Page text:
More than 2,000 patients in Scotland have swallowed a tiny camera instead of having colonoscopies: Digital Photography Review


Cameras are used for more than capturing beautiful photos. They’re also used for scientific experiments, and in some cases, even as life-saving tools for doctors. The National Health Service (NHS) in Scotland has used a tiny camera housed in a ‘pill’ to screen more than 2,000 patients for bowel cancer. The PillCam is used for what’s called a colon capsule endoscopy (CCE) procedure. It’s been a critical tool to allow bowel diagnostic screening and testing to continue during the ongoing pandemic and is also an easier-to-swallow alternative to a colonoscopy.

PillCam is roughly the size of a large pill. It works in unison with an adjustable belt that patients wear around their waist as the pill works its way through their digestive system. The PillCam captures around 50,000 images of a patient’s bowels at a frame rate of two to six frames per second during its course through the body.

PillCam next to a typical ballpoint pen. Credit: PA

As the PillCam captures images with the aid of its built-in lights, images are transmitted wirelessly to the recording device strapped around the patient’s waist. After the PillCam has completed its journey, the images are downloaded from the recording device and analyzed by medical professionals. Unsurprisingly, the PillCam is a one-time-use device. It’s likely the only time one should flush a camera down the toilet.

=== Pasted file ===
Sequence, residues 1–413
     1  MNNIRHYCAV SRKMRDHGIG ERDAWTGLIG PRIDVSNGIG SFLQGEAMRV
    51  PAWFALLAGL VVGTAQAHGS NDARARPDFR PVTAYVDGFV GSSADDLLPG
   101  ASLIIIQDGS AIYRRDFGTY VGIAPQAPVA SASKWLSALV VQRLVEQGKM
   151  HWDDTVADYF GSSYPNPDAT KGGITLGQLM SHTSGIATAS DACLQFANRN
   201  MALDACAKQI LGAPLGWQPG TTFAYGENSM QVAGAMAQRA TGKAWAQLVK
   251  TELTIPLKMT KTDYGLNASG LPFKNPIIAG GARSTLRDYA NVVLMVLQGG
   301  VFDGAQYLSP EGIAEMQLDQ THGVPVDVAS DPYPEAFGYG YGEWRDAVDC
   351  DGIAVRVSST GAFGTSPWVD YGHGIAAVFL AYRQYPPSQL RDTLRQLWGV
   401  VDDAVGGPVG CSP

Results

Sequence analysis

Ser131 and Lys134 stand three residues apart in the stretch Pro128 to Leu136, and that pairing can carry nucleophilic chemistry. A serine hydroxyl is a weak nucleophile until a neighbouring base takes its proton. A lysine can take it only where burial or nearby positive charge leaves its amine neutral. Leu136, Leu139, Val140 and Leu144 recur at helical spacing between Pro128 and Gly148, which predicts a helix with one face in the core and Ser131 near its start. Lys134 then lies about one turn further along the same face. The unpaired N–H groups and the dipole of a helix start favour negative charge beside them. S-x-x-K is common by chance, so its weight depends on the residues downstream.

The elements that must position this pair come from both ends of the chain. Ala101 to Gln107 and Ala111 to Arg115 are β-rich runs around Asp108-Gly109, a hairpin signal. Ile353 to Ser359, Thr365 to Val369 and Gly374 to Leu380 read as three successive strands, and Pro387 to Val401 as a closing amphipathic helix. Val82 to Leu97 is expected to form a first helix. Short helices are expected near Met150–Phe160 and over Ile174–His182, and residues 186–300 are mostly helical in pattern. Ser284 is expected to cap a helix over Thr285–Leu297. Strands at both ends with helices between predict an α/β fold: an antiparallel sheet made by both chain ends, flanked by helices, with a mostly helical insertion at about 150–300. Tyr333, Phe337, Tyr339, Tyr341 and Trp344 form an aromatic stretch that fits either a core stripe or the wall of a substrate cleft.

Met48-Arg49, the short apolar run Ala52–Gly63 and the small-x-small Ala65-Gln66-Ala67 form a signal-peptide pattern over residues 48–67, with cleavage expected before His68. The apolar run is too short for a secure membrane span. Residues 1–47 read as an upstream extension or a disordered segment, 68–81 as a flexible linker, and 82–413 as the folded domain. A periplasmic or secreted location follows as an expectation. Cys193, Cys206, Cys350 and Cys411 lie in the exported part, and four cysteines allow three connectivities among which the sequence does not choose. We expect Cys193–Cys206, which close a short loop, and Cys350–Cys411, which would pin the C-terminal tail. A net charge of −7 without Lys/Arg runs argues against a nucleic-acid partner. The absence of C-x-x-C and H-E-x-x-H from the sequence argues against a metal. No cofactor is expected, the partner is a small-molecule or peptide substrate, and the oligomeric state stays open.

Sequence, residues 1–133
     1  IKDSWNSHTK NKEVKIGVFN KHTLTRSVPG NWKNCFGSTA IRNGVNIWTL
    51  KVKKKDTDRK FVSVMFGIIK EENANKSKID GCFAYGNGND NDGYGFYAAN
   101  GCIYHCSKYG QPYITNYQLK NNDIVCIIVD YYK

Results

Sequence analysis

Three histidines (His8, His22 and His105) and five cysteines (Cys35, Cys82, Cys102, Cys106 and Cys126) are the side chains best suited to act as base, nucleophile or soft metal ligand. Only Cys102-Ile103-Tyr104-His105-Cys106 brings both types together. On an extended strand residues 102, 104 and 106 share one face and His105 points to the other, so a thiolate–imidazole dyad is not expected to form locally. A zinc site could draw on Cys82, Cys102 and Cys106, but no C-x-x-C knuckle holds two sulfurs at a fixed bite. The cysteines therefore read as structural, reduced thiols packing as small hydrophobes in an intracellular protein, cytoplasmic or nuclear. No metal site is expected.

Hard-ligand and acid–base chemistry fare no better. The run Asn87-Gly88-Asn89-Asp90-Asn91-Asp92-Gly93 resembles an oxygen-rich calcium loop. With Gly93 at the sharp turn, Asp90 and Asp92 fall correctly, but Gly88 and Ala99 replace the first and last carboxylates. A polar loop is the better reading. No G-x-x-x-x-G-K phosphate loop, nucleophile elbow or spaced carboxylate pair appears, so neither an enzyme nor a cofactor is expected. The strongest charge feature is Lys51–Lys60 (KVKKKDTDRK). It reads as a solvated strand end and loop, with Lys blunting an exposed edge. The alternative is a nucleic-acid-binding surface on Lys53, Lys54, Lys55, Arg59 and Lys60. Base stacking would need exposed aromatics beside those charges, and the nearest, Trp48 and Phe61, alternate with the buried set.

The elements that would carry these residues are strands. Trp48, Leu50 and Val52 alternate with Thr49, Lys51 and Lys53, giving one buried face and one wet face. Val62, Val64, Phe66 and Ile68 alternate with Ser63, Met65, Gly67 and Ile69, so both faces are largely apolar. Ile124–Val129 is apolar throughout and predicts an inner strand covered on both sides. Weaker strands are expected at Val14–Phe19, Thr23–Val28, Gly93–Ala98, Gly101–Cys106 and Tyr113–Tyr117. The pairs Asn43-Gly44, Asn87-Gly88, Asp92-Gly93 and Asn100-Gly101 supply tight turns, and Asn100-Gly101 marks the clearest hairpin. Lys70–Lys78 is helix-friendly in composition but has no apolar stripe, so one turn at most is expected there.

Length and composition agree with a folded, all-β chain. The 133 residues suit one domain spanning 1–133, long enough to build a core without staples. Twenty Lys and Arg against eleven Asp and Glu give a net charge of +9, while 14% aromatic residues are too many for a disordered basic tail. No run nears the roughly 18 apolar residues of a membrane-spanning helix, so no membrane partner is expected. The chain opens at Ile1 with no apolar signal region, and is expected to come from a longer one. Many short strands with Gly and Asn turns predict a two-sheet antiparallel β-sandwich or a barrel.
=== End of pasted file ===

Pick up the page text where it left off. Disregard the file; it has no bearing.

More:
‘We are delighted to reach this milestone of 2,000 patients receiving this exciting, fast and effective diagnostic procedure,’ said Professor Angus Watson, consultant colorectal surgeon and clinical lead for colon capsule endoscopy. ‘Traditionally, patients undergoing this test would require sedation and could be quite anxious coming in for their appointment. This test is painless, and although they will still need to undergo the same cleansing preparation beforehand, all they are doing is swallowing the capsule and letting the camera do the work.’

Many people are afraid of receiving colonoscopies and may put off diagnostic screening out of fear. Further, sedation, which always carries some risk, can be riskier for certain patients. Like many forms of cancer, catching colorectal cancer early is critical to successful treatment. The PillCam may very well save lives in general, but especially during the pandemic when the number of traditional colonoscopies that could be performed has been reduced.

‘It’s a lot easier, it’s just swallowing a tablet, the prep is just the same as for a normal colonoscopy and it’s a really good option if you’re worried about the procedure as it’s a lot less invasive,’ said health care support worker Jacqueline Gribbon, who received a CCE procedure in December. ‘It’s painless, it’s not uncomfortable at all, it’s easy to do and as long as you follow your prep work it’s straightforward, I’d definitely recommend it.’

Dr. John Thomson, consultant gastroenterologist and associate clinical director of the Center for Sustainable Delivery, said that the PillCam and CCE has the potential to improve patient experience and health outcomes. ‘This cutting-edge technology will not only help people get the health checks they need but also make it as convenient and as quick as possible.’


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